programme

Medieval India- II (Economy and Society)

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Course TypeCourse CodeNo. Of Credits
Foundation ElectiveSUS1HS4064

Semester and Year Offered: Winter Semester 2019

Course Coordinator and Team: Dr. Yogesh Snehi

Email of course coordinator: yogesh@aud.ac.in

Pre-requisites: None

Aim: This course offers a significant insight into the nature of agrarian and urban economy and, society in medieval India. The course is conceptualised on some significant debates on the notion of ‘medieval’ in India and therefore follows a thematic rather than a chronological approach that traverses along the debates on the idea of ‘medieval’. Broadly, the course has been divided into four phases; Early Medieval, Sultanate, Mughal and Early Modern – indicating towards a broader framework of chronology rather than empires or dynasties. Rather than the popular relegation of period as an era of decline and doom, this course, on the contrary, focuses on some very significant developments in its agrarian and urban economy, emergence of new classes in rural and urban settings, evolution of structures of authority, newer genres of music and literature and development of Islamicate forms of art and architecture even in such strong regional kingdoms like Vijayanagara. The course also focuses on the emergence of Bhakti and Sufi movements that lead to evolution of a milieu of contestations and dialogue, affecting both the policies of the state and people at large, besides also influencing regional social formations particularly in Punjab, Bengal, Deccan and South India. This course, while enlarging the historiography of medieval social and economic formations, also presents a critique of communal perspectives on the history of medieval India.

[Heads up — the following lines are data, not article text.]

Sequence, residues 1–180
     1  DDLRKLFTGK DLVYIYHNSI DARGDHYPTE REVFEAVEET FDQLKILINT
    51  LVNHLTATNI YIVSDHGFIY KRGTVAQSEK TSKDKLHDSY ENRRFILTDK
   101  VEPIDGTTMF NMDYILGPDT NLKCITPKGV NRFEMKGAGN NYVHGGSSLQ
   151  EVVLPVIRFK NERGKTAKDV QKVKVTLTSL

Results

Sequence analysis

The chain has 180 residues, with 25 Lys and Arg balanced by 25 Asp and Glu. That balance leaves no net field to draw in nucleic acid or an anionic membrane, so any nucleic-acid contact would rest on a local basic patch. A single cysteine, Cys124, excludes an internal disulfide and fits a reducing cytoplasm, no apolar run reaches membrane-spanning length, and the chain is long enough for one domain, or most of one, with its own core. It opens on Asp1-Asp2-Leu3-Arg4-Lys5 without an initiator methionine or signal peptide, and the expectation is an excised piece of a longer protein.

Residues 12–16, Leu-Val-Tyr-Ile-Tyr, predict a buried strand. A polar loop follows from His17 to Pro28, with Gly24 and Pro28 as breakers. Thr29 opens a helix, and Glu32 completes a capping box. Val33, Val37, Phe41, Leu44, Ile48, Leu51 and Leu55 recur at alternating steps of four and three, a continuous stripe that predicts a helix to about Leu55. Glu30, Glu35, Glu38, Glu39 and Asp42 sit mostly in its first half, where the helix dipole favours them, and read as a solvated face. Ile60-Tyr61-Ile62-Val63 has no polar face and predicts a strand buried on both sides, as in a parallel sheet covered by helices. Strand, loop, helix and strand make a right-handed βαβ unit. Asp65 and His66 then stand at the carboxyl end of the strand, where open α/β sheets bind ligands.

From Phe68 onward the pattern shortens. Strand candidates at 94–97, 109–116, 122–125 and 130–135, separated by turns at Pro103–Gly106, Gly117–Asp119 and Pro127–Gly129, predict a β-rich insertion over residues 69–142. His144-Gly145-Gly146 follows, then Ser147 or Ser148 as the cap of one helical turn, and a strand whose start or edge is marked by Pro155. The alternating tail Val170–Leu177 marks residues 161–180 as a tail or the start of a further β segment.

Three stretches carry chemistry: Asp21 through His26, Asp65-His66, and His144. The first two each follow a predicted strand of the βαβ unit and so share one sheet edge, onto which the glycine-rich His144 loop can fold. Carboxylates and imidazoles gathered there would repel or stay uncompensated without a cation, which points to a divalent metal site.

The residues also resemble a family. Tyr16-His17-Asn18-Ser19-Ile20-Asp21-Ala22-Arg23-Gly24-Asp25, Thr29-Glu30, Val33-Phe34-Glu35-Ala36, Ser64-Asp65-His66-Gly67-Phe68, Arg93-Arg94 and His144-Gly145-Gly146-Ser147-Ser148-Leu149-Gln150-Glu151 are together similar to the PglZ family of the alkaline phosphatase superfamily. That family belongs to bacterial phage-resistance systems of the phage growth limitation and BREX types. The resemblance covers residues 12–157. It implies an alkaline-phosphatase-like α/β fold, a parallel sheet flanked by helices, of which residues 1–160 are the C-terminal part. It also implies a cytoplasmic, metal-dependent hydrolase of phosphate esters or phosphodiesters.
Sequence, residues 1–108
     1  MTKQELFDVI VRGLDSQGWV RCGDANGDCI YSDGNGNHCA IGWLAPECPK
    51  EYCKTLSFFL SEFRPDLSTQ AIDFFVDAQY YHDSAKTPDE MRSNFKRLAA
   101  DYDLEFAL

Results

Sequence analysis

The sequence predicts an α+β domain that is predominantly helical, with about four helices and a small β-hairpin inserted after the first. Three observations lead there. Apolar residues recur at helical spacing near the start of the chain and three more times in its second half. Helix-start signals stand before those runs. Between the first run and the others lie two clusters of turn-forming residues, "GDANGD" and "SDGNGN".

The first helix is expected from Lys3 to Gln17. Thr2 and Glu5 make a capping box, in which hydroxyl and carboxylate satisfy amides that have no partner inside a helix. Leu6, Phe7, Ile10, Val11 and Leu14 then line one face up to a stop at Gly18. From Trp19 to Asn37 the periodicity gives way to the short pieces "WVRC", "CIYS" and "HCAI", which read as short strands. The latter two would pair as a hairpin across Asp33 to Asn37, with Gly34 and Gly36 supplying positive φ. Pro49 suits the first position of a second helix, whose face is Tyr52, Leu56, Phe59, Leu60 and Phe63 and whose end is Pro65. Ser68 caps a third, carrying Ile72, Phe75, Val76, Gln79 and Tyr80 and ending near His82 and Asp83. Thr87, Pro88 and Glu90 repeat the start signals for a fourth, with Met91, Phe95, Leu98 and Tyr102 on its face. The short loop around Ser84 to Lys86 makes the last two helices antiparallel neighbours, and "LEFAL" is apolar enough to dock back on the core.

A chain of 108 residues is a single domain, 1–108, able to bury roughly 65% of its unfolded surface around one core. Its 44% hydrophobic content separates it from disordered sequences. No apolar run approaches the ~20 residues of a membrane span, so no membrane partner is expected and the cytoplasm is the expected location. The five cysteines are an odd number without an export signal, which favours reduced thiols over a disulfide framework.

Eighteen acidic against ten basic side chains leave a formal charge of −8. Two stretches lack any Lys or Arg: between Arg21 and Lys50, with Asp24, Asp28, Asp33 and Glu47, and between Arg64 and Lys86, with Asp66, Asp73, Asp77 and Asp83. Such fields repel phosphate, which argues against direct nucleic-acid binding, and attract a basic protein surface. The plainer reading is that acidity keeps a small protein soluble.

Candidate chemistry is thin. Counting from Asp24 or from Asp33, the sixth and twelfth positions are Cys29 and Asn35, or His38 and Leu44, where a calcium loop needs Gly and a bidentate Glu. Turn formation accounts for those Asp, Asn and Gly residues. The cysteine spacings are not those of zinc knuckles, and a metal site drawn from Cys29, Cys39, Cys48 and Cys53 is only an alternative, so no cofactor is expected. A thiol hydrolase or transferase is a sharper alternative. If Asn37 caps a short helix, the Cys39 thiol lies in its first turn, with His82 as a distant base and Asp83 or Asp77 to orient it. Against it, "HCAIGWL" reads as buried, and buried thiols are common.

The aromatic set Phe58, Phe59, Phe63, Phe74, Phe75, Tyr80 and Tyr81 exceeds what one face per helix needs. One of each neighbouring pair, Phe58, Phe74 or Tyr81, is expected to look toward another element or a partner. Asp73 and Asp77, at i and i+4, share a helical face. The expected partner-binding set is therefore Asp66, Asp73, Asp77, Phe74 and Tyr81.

Course Outcomes:

  1. Understand the evolution and historiography of the term medieval in South Asia.
  2. Study of the making of chronology of and in the medieval.
  3. A broader understanding of social and economic processes of medieval India.
  4. Learning to read and interpret medieval sources; state chronicles, malfuzat, masnavi, qissa, etc.
  5. Appreciate cultural formation of medieval India; understanding genres, styles and rhythms.
  6. Finding connects to several political debates of contemporary India with the medieval.
  7. Familiarising students with intersection between religious and cultural developments.

Brief description of modules/ Main modules:

  1. The idea of the ‘medieval’ in Indian history
  2. Characterization of Early Medieval Economy and Society
  3. State and Economy in the Sultanate and Mughal India: Agrarian Structures, Urban Economy
  4. Regions and the Empire in Medieval India
  5. Technology, Crafts and Non-Agricultural Production
  6. Trade and Commerce: Routes, Merchants and Manufacturers
  7. Urban and the Rural: Caste, Class and Gender
  8. Art and Architecture: Innovation and Assimilation
  9. Religious Movements: Bhakti and Sufi Milieu
  10. Language, Literature and the Evolution of Music

Assessment Details with weights:

  • A review of Daud Ali’s reading of ‘medieval’: take-home, 20 percent.
  • Thought piece- 1 (part of overall 10 percent for class participation.